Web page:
Santa Cruz Tech Beat


Fantasy Football: Using Data to Guide your Draft Strategy

By Jesse Sherb
Looker Sales Engineer

August 29, 2018 — Santa Cruz, CA

When it comes to preparing your draft board, it’s important to find value in your picks. Fantasy leagues are rarely won in rounds 1 and 2. It’s critical to find players in the later rounds that can contribute to your team’s success. It also goes without saying that team management (waivers, weekly rosters, injury management, etc.) is also mission-critical, but let’s just focus on the draft for now. So how can we uncover value when possible on draft night?

Well, I always think of value in two ways:

  1. Holistic value. How do you value different positions? How do you value building a well-rounded team vs. taking the best player available? In other words, how do you approach your draft? Having some overall philosophies on your approach will go a long way come draft night.
  2. Pick value. Some people think of this in terms of finding “sleepers.” Sure, finding guys in the late rounds that have breakout seasons is fantastic, but it doesn’t have to be so boom or bust. How can you ensure you’re finding value in every level of the draft; from your top picks to your last?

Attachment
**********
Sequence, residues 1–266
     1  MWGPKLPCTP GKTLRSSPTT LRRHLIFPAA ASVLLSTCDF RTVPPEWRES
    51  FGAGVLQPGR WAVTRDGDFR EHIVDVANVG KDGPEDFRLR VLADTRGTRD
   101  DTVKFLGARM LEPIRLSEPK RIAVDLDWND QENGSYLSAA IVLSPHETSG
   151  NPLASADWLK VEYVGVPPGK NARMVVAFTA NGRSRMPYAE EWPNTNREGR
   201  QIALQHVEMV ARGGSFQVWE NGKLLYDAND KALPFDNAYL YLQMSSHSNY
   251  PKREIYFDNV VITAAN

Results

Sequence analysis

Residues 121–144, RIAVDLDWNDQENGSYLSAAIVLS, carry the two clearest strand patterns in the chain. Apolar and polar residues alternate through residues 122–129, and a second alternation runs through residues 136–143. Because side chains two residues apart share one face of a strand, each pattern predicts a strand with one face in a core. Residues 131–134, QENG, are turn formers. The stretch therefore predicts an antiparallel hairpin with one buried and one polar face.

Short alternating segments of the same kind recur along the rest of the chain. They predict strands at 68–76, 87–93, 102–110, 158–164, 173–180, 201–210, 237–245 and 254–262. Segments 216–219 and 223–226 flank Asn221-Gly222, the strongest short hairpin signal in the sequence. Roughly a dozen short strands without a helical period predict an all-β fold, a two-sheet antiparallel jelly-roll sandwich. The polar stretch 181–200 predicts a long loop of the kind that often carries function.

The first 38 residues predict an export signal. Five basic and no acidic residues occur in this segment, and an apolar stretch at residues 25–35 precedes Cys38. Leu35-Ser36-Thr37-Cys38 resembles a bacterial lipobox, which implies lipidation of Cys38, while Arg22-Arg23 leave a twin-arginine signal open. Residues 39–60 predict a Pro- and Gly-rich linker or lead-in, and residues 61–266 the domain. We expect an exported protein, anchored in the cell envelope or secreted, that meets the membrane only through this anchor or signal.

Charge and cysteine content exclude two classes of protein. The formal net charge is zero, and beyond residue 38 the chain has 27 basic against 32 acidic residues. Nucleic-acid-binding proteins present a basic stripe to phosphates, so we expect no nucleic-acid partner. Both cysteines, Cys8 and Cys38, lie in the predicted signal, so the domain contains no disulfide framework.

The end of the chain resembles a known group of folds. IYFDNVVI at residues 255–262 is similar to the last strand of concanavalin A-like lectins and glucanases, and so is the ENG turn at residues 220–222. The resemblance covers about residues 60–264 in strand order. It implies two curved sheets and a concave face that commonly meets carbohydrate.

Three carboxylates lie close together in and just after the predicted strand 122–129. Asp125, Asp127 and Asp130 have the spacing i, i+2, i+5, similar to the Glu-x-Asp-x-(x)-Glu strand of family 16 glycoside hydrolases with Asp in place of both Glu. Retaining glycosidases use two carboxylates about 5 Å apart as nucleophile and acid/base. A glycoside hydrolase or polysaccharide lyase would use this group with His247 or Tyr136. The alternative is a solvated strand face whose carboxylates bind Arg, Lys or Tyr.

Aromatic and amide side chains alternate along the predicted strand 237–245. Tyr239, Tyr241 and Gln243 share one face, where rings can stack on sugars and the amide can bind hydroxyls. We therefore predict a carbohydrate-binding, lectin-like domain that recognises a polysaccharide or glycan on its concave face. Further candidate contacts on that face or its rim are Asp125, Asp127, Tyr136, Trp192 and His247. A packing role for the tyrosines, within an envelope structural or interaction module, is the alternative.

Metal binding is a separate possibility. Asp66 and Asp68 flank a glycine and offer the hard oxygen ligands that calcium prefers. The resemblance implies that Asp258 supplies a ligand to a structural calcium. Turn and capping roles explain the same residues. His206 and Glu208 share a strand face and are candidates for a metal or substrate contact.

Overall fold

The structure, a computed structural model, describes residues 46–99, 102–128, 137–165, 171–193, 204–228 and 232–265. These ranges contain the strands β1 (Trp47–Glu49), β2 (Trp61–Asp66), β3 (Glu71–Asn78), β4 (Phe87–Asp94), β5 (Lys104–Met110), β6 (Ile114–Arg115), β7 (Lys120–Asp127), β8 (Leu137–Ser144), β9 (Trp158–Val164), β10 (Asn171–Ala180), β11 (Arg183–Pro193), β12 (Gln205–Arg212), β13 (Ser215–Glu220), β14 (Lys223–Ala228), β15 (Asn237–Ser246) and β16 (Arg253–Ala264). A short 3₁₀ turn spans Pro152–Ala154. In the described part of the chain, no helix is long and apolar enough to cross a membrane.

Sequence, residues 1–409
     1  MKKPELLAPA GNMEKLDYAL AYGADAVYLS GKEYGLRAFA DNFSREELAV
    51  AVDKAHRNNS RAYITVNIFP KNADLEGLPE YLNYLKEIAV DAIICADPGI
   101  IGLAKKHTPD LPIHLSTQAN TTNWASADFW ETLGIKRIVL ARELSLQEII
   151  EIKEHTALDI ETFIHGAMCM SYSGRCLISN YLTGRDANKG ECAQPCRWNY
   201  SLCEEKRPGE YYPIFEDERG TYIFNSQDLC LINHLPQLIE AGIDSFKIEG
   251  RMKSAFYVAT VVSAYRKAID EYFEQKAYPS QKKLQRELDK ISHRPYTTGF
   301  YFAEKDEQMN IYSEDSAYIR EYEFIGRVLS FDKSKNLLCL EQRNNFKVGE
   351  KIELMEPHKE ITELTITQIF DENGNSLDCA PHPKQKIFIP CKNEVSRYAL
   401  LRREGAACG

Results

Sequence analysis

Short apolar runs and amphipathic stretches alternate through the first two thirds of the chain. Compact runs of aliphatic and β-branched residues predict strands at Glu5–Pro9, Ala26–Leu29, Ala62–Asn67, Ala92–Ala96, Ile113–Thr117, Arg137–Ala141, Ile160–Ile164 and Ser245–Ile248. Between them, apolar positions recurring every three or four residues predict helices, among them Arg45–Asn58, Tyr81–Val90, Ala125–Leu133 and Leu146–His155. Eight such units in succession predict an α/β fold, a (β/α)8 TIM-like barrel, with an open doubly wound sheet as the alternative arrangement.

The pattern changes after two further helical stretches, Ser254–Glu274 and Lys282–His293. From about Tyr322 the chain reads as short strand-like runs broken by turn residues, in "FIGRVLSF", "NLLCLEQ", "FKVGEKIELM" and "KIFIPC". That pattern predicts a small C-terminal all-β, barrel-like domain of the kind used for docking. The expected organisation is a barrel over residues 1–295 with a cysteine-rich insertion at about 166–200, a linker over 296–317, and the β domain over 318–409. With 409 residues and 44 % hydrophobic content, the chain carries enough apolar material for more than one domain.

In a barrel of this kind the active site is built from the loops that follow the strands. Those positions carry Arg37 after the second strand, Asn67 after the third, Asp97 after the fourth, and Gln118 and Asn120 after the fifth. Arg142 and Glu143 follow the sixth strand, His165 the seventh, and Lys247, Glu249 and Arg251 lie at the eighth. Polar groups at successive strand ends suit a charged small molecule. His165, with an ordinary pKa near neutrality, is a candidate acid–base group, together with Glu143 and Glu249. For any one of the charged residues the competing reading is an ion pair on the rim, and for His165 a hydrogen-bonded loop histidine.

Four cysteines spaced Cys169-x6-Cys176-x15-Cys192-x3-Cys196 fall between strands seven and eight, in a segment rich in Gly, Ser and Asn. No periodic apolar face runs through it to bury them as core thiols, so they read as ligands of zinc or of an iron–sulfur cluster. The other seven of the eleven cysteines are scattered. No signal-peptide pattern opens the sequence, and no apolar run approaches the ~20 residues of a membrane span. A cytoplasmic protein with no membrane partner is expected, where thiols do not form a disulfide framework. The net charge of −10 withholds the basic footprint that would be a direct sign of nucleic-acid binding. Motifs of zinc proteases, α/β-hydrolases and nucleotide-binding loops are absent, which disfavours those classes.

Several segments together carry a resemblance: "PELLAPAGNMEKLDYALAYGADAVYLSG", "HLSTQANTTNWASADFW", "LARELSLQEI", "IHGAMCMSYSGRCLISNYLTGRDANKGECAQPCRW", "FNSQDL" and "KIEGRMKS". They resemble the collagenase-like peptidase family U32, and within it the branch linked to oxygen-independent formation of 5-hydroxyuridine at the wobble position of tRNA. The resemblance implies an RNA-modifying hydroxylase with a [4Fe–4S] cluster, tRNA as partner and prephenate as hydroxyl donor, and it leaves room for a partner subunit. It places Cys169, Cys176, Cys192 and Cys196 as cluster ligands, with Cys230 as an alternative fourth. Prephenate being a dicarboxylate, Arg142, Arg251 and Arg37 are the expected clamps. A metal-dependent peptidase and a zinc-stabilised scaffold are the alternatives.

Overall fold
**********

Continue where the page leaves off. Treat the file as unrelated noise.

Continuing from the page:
Let’s start with positional value. In real life, the QB is the most important position on the field. On a fantasy roster, I’d argue the contrary. If we look at the top 10 fantasy QBs last year, aside from Russell Wilson at #1, there are marginal differences in performance for the remaining (granted, Aaron Rodgers was injured). Cam Newton at #2 totaled 299.5 points*, while Ben Roethlisberger at #10 had 260.7 points, roughly 39 point difference. Over the course of 16 games, that’s 2.4 points per game. Furthermore, there were 22 QBs who had over 200 points on the season. Comparing that to RB, the difference between #1 and #10 was 161 (10 ppg) and only 9 total with 200 points or more. Parlay that with the fact that you only need to select one QB (in most leagues) and multiple at other positions, moral of the story; don’t value your QBs too high.

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